Any teacher can tell you that there’s a problem with professional development. Each year, US schools spend billions on professional learning. Yet, there’s scant evidence that all the time and money spent on PD is improving classroom practices. That is, except when it comes to teacher coaching.
Studies have found that the most common approach to professional development is the one-and-done workshop. These same studies determined that, to be effective, PD must be sustained over time and tailored to the individual needs of teachers. Pretty much the exact opposite of the standard workshop.
So, can teacher coaching succeed where slideshows have failed? Read on to learn how to ensure your instructional coaching positively impacts classroom practice.
The Lecture About Why You Shouldn’t Lecture
When I began teaching 20 years ago, professional development meant gathering with colleagues on Monday afternoon, for the weekly ‘lecture about why you shouldn’t lecture.’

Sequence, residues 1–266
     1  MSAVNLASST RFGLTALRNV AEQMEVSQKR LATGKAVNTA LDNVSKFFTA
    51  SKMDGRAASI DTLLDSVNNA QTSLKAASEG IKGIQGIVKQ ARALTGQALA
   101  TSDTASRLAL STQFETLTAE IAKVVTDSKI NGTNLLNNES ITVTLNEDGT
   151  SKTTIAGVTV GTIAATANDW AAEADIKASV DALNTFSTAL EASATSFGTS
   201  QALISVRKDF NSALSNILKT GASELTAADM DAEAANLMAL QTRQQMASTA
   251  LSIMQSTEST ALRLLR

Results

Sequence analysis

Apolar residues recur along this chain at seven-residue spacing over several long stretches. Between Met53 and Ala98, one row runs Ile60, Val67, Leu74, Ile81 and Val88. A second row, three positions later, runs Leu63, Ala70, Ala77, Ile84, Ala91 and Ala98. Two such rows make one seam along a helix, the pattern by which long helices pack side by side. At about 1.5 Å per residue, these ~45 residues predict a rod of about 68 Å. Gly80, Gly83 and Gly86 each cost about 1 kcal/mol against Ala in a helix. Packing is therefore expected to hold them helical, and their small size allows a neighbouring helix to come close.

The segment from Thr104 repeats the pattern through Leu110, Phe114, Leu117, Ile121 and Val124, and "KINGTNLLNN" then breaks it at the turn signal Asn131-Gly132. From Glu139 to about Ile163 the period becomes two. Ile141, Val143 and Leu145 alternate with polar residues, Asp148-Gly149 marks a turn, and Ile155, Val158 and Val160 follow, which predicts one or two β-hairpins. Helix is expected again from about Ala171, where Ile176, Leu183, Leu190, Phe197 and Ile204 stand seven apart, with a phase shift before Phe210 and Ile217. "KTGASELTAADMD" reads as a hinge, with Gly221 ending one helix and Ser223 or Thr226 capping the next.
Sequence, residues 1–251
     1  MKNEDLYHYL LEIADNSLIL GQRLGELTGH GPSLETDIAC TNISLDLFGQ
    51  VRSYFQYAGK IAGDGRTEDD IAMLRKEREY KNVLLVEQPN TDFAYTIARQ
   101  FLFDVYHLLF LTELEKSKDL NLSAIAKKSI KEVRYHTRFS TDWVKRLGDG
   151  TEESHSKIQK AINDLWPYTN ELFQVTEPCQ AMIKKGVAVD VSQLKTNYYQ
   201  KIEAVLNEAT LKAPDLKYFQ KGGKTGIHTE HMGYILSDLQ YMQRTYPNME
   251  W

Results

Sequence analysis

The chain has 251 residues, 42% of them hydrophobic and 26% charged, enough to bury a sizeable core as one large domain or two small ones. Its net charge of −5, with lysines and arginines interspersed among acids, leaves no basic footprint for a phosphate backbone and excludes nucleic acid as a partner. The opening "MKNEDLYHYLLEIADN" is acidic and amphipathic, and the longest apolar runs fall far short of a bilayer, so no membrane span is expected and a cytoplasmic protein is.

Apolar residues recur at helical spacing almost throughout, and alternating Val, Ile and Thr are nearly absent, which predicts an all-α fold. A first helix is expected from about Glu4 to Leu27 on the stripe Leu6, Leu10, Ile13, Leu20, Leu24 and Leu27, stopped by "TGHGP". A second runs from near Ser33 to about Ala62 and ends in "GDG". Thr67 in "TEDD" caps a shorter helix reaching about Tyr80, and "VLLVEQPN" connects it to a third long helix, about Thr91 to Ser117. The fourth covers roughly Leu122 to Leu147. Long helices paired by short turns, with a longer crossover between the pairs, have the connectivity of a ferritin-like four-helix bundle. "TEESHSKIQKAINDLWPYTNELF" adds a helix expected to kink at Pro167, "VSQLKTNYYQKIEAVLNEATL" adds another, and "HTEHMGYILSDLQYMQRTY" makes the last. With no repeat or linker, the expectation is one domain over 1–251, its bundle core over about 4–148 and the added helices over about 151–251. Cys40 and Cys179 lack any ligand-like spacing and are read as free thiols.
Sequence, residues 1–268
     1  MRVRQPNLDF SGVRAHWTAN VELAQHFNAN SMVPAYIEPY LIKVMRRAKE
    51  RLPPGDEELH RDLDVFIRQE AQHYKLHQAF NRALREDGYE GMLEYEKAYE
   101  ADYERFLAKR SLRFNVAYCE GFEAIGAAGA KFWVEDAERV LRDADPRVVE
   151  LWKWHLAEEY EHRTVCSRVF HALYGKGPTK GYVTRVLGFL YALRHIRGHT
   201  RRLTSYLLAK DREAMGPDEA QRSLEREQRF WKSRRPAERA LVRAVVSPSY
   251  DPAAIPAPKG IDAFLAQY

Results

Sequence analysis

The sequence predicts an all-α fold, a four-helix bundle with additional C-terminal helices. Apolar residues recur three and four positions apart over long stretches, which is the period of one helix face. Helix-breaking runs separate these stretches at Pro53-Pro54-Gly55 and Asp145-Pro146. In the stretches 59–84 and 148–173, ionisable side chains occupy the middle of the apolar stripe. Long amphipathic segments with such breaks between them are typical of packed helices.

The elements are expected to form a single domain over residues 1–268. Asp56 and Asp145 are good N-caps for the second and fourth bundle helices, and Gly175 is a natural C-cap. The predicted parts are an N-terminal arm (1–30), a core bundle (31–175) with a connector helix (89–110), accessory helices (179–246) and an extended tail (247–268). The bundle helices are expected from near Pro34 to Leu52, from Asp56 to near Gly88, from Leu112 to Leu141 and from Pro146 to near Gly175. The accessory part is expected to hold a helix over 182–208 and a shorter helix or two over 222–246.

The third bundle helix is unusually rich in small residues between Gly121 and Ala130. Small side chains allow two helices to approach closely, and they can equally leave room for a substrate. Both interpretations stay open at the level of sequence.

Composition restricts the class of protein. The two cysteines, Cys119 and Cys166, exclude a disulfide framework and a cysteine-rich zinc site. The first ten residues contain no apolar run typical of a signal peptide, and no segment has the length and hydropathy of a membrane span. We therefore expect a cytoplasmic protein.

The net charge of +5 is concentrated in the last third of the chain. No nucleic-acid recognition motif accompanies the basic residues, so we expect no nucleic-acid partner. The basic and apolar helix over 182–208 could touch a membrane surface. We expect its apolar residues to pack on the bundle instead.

I never saw PD as a way to improve my teaching practice. I didn’t even consider what the phrase “professional development” meant. I developed as a teacher by being a teacher: planning, teaching, connecting with students, and giving them feedback on their work.
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The weekly PD-by-PowerPoint was, at best, a break from grading. At worst, it was a distraction from the paperwork piling up on my desk.
Research shows that I wasn’t alone. A Gates Foundation study found that just 29% of teachers are highly satisfied with the available professional learning options. It also found that “large majorities of teachers do not believe that professional development is helping them prepare for the changing nature of their jobs.”